Boris Johnson’s attempt to heal voters’ splits over Europe has been rejected by pro-EU campaigners after he warned that he “cannot and will not” allow Brexit to be reversed.
Johnson is set to issue a Valentine’s Day appeal to former Remain voters on Wednesday, claiming he understands their “fears” about the future.
In an attempt to ‘love-bomb’ his critics, the Foreign Secretary will praise the “entirely noble sentiments” of those who wanted the UK to stay in the EU, pointing to their wish for European solidarity and British prosperity.
But his entreaties appeared to have fallen flat even before he spoke, with critics accusing him of ‘hypocrisy’ amid claims that the Vote Leave EU referendum campaign had exploited fears about immigration.
There was anger too at Johnson’s determination to push for a ‘hard Brexit’ and at his dramatic warning that reversing the 2016 vote “would be a disastrous mistake that would lead to permanent and ineradicable feelings of betrayal”.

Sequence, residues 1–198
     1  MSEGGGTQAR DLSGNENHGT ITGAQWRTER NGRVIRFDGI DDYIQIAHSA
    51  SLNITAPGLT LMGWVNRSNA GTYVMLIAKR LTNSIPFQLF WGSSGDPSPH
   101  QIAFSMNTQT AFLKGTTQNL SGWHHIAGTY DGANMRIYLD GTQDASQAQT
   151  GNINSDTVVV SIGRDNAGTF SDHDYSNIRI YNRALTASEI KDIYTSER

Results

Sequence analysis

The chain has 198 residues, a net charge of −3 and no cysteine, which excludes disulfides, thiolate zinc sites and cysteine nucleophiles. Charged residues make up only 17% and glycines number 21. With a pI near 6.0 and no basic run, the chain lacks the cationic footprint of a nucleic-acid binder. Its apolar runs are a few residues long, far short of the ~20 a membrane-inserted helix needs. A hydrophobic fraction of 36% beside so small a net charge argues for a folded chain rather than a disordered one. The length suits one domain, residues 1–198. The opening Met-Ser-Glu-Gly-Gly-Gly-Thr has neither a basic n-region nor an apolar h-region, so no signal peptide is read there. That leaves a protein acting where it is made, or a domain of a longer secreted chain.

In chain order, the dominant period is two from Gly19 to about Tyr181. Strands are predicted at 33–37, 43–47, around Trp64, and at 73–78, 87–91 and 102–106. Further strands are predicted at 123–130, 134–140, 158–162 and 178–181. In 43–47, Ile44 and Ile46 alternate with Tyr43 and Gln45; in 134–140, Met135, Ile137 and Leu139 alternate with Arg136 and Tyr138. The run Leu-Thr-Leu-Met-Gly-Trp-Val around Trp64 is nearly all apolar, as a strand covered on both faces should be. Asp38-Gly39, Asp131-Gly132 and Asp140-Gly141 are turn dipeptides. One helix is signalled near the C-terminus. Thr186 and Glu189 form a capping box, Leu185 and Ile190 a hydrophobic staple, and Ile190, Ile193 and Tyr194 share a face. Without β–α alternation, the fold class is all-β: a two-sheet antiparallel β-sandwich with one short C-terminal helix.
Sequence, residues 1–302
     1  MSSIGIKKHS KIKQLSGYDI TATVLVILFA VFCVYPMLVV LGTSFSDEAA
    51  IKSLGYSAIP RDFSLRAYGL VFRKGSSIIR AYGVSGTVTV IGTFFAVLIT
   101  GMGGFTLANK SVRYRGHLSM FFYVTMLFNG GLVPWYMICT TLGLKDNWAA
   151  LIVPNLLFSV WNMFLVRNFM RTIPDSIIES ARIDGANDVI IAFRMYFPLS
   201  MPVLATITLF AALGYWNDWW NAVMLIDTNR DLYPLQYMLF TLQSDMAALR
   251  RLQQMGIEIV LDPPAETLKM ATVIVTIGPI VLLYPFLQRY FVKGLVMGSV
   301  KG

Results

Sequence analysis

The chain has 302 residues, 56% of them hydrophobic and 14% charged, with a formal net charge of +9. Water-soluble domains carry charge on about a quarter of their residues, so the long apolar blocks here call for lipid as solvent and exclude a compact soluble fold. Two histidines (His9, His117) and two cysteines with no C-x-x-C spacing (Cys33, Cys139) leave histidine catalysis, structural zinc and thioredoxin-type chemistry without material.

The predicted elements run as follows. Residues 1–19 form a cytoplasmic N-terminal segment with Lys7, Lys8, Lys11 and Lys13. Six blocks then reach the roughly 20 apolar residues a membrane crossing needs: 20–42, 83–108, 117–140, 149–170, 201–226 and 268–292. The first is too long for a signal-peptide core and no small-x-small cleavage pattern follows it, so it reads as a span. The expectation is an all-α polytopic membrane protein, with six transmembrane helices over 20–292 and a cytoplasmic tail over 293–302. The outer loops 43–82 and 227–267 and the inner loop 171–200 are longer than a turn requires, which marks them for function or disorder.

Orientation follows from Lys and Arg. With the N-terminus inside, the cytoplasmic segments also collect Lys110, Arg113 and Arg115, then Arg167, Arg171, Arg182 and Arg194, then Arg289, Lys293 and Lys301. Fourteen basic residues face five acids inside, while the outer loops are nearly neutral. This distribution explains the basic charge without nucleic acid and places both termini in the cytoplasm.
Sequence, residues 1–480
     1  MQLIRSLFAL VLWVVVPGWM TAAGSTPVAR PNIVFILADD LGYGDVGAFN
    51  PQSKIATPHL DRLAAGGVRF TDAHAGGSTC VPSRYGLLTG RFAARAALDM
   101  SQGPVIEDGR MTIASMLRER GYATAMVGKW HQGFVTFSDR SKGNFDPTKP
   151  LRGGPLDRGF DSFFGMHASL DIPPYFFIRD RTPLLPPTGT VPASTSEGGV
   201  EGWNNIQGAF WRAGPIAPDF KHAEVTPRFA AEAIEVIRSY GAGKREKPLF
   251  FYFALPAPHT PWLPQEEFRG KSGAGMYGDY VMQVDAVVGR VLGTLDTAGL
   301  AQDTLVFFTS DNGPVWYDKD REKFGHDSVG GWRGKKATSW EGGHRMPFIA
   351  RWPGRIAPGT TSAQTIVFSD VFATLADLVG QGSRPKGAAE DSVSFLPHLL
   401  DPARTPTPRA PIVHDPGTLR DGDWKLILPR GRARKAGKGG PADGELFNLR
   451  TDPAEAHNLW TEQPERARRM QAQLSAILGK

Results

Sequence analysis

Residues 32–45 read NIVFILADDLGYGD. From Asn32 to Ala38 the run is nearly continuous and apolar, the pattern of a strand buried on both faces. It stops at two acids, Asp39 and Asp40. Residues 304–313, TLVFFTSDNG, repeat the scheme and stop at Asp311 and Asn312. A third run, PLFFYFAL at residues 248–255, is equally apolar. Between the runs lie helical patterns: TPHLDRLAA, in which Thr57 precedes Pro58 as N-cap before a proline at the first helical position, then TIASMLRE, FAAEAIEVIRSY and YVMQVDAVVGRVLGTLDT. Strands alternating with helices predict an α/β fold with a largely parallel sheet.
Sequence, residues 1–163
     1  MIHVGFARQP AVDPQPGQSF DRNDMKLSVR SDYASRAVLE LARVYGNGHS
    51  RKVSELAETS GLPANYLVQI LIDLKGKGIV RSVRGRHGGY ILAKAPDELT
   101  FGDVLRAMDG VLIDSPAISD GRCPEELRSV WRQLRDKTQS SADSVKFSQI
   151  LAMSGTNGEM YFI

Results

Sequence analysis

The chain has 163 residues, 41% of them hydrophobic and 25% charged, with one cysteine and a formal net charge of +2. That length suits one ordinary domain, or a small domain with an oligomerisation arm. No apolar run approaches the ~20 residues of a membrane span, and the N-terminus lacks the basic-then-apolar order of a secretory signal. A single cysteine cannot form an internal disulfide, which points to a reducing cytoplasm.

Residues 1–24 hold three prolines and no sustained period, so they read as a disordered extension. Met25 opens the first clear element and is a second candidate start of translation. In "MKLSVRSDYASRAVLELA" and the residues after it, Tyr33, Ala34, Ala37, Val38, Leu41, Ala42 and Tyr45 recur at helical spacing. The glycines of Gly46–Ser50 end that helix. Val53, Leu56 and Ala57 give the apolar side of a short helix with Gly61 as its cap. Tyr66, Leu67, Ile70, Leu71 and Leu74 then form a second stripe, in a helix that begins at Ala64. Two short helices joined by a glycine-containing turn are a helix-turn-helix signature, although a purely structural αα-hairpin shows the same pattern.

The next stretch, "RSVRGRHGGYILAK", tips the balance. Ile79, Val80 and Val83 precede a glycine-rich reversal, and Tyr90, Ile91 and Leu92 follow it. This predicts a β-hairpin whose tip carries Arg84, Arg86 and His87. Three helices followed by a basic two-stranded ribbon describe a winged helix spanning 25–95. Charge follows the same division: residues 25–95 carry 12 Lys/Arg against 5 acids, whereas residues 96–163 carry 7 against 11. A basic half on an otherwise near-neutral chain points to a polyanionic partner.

As revealed by HuffPost last week, Johnson will use a major speech in central London to declare that Brexit is “not grounds for fear, but hope” and stress that Britain can be more open and liberal as a nation outside the EU.
And with the Cabinet yet to agree on what type of future deal it wants with Brussels, he is will also venture into the controversial areas of trade and migration after the UK leaves the bloc in March 2019.
Crucially, HuffPost understands the leading Brexiteer will stress that ‘divergence’ from EU rules will free up British business to create more jobs and growth and “make the most of leaving”.
Having to abide by EU directives would “be intolerable, undemocratic, and would make it all but impossible for us to do serious free trade deals,” he is expected to say.
Johnson, who has been ridiculed by his opponents for his infamous battlebus claim that Brexit would deliver £350m a week extra for the NHS, will not back off his belief that the move will make the country richer.